The Alien Tort Statute

Inside Counsel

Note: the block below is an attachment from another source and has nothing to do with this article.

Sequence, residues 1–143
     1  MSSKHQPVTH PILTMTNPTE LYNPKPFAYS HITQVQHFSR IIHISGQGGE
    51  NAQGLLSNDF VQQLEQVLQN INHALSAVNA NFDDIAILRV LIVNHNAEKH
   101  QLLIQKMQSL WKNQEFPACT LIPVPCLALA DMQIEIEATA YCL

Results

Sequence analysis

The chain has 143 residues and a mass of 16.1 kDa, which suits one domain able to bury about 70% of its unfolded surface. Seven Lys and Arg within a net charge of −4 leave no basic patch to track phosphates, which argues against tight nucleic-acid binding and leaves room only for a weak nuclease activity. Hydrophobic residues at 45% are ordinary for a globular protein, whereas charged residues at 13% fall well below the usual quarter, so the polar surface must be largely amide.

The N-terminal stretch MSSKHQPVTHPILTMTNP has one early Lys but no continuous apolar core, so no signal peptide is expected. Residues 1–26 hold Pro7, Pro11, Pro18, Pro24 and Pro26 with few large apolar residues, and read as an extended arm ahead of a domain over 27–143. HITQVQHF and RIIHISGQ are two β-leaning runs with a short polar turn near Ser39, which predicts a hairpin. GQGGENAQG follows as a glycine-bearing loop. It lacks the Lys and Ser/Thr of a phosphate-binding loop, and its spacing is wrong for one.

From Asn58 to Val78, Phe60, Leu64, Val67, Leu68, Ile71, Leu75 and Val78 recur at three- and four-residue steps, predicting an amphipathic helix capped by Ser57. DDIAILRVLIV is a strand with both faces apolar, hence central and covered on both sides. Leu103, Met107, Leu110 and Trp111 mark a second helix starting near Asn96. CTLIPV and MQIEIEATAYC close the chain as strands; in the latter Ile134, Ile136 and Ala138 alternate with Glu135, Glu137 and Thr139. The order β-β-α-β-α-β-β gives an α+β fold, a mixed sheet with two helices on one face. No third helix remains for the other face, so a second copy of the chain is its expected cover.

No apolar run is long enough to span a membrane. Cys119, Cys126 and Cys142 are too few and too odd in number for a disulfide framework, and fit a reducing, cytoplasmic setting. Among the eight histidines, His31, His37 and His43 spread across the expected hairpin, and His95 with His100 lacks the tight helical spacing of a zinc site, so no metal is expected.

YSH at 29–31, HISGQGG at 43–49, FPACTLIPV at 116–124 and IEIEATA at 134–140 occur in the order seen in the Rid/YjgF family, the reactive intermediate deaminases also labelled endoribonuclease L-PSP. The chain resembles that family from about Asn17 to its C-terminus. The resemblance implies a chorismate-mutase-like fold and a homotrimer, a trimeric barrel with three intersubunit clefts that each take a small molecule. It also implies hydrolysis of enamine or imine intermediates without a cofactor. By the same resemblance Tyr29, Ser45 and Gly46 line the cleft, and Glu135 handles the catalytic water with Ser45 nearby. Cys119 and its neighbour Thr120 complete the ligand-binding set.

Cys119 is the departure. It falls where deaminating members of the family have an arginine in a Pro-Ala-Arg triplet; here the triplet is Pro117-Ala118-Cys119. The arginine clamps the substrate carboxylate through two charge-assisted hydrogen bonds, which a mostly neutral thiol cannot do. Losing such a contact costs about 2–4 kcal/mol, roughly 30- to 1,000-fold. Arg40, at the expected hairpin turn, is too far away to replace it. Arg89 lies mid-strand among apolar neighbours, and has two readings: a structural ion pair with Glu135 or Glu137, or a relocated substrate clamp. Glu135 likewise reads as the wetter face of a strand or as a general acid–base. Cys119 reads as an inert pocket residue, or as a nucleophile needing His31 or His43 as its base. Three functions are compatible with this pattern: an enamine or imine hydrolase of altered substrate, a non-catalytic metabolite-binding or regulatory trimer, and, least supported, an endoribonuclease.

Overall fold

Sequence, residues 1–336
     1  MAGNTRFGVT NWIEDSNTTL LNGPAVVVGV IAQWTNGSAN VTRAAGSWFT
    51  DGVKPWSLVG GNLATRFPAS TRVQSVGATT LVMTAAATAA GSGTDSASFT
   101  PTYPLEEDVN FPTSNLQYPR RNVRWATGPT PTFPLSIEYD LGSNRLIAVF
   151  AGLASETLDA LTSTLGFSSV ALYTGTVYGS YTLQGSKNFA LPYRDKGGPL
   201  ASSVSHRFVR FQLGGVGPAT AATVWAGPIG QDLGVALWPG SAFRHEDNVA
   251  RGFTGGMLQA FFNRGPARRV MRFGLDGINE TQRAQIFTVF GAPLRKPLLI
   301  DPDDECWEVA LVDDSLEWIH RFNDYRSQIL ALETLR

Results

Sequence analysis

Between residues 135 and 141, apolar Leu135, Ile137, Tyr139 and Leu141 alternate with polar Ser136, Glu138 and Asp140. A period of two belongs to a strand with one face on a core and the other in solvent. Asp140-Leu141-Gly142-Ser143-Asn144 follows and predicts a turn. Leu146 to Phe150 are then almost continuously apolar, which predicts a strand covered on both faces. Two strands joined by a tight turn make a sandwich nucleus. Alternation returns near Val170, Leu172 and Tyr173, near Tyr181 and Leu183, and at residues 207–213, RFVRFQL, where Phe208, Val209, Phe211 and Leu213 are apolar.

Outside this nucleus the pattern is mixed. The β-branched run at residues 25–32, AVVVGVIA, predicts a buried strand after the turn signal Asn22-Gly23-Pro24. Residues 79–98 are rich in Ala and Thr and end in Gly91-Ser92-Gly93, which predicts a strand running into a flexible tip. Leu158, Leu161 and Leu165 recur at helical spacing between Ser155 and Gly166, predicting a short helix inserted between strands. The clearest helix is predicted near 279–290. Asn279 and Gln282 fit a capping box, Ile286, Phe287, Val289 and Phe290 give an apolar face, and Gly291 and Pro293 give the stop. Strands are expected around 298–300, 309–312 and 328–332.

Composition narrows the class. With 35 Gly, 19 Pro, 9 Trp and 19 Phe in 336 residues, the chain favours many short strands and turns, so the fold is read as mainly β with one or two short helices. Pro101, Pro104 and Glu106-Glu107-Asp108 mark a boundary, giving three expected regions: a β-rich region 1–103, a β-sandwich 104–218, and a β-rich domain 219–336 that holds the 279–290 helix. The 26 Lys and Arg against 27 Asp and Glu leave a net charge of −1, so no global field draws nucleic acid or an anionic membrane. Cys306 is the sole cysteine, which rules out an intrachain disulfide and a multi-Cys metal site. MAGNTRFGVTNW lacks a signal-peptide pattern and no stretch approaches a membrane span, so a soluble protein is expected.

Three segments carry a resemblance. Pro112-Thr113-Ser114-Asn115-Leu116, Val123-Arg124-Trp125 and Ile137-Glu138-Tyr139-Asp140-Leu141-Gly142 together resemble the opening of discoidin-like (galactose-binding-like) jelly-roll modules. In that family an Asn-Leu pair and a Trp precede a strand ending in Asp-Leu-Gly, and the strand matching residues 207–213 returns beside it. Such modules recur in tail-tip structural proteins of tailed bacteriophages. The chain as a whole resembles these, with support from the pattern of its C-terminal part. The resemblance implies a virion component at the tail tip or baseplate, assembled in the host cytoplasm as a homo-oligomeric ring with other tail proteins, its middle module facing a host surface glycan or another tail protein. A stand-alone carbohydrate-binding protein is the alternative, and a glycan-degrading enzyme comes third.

In this article, Dawn Murphy-Johnson discusses recent high-profile cases that have brought the Alien Tort Statute (ATS) into the spotlight. The ATS gives U.S. district courts jurisdiction over "any civil action by an alien for a tort only, committed in violation of the law of nations or a treaty of the United States." The Supreme Court's Kiobel decision reigned in the extraterritorial scope of the ATS, but "other cases show that the statute still has enough reach to expose U.S. corporations operating overseas to costly litigation and potential reputational damage. In light of these possibilities, a strong human rights due diligence program is essential to mitigate those risks," Murphy-Johnson said. "Risk management becomes important, especially in locations where human rights issues might be more prevalent," and an "effective due diligence program could prevent human rights abuses from occurring, which would avoid potentially time-intensive and costly situations -- as well as increase the confidence of consumers who are increasingly aware of and concerned about the human rights impacts of business operations."
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